The power of suggestion
One week ago today, we were en route to Pittsburgh, or actually had already arrived by this time. The trip was a surprise for me, or at least the destination was: I knew we were going somewhere, but not where. Carrie had planned this trip for a few months for the occasion of our 10th wedding anniversary and kept our itinerary secret. Neither of us had ever been to Pittsburgh, but wanted to go for a few reasons, not the least of which was to make a trip to Fallingwater, which is about an hour and a half outside of town.
Well, the trip was great, we went to Fallingwater and Kentuck Knob, caught a Pirates game, and generally had a wonderful time. We missed a couple of things, such as the Andy Warhol Museum and a few other things, but overall, mission accomplished. One of the other things we were really interested in, though, was having a sandwich from Primanti Brothers. This was one of the few real "Pittsburgh-y" food items I was able to find when I was researching possible menu items for Super Bowl parties where the Steelers were playing (best Super Bowl food match-up ever was Philadelphia vs. New England, which was Philly cheesesteaks and Boston baked beans).
On our way out of town, we spun by one of the Primanti Brothers stores, grabbed a couple of sandwiches, and took them with us. The verdict is, pretty damned good. I'm not generally a cole slaw guy, but that's because I don't like the standard sweet goopy mayonnaise mess that passes for cole slaw in a lot of places. This was really good though, more of a pepper and vinegar concoction that complimented the fries, meat, and cheese really well. I think they'd have been even better if we'd eaten them right there at the restaurant, as the fries lose their heat and crispness, but still, tasty.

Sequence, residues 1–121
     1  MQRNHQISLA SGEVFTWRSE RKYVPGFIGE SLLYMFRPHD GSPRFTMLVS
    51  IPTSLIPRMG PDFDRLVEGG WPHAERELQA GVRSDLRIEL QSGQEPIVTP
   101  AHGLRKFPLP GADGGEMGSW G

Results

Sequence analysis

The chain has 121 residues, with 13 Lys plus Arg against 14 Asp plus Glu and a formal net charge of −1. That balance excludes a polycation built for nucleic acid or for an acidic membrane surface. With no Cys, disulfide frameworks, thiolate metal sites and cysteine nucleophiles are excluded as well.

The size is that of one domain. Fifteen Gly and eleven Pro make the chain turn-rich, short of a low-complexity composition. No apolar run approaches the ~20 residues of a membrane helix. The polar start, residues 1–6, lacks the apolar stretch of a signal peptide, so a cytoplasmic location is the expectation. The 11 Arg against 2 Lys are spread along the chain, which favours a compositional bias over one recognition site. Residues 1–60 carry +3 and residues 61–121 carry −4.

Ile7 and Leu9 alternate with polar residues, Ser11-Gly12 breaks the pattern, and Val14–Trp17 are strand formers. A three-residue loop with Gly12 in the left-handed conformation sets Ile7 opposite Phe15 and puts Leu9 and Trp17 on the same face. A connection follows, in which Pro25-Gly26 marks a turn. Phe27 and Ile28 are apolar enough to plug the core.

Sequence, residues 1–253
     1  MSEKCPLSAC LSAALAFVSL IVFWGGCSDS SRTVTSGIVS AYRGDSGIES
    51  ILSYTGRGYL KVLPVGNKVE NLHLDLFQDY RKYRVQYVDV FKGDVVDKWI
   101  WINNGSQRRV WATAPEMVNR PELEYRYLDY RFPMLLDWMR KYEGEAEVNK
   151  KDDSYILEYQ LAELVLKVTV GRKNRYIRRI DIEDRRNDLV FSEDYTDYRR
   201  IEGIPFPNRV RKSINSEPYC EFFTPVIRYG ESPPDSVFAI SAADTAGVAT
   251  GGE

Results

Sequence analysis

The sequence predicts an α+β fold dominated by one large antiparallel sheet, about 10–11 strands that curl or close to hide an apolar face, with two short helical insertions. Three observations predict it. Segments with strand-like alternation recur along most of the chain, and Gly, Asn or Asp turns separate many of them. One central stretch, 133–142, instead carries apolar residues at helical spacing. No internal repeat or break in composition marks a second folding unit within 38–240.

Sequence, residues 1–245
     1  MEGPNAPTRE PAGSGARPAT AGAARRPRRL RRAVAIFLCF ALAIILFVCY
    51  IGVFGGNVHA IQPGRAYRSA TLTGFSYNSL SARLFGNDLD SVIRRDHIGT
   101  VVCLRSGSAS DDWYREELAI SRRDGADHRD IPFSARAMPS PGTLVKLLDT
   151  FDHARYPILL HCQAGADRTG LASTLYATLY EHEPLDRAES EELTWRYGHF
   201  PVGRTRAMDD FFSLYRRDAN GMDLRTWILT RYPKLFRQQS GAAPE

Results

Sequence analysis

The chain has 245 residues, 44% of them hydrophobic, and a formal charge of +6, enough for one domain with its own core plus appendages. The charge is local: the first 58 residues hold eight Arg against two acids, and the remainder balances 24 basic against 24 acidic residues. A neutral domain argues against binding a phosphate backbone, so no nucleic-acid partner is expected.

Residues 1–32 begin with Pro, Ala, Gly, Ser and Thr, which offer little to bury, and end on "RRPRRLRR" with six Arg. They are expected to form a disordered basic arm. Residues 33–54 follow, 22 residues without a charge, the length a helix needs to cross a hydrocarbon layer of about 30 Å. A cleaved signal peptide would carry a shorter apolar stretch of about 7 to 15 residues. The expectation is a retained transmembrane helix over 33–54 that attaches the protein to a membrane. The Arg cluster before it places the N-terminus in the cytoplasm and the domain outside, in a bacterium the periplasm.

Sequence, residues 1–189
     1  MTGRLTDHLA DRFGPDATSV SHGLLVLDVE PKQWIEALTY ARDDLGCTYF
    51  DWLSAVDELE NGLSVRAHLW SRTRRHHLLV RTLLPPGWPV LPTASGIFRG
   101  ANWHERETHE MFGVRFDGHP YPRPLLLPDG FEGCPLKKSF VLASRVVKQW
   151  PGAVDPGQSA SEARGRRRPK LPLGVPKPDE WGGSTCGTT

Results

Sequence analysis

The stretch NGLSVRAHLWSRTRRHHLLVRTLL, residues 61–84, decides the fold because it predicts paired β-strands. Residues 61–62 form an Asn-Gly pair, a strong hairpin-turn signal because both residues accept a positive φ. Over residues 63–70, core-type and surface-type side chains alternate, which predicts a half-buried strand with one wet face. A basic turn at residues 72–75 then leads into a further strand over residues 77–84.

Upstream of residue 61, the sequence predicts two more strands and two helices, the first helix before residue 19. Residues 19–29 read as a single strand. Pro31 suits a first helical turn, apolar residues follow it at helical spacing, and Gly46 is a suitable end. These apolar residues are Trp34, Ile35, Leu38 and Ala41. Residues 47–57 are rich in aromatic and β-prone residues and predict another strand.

So what does this have to do with the power of suggestion? This morning I told Carrie that I'd gotten a response to my post on Twitter announcing that our mystery destination was Pittsburgh. My friend Josh said that he was leaving town right as we arrived, but wished us a good trip (he had lived in Pittsburgh previously, but was back for a bit for work). Interesting, she said, and continued with the morning's ablutions and preparations. As is standard in our household, she started singing and humming a song while doing her hair. The song was My Kind of Lover by Billy Squier. What the hell?
Here's the chain: we talked about Pittsburgh and in Pittsburgh we went to Primanti Brothers, and while waiting for our sandwiches in Primanti Brothers that song came on, prompting me to make some comment about how I hadn't thought about Billy Squier since he was big in the '80s and I didn't really think about him then either (Billy Squier never really required much thought one way or the other). Just mentioning Pittsburgh in a completely different context triggered the process that resulted in Carrie singing a Billy Squier song in the bathroom.
Brains are weird. I like 'em. This is all of more than personal interest to me now, since I'm working tangentially on the Human Connectome Project, which endeavors to find and map the connections throughout the brain that leads to precisely these sorts of triggers and activities.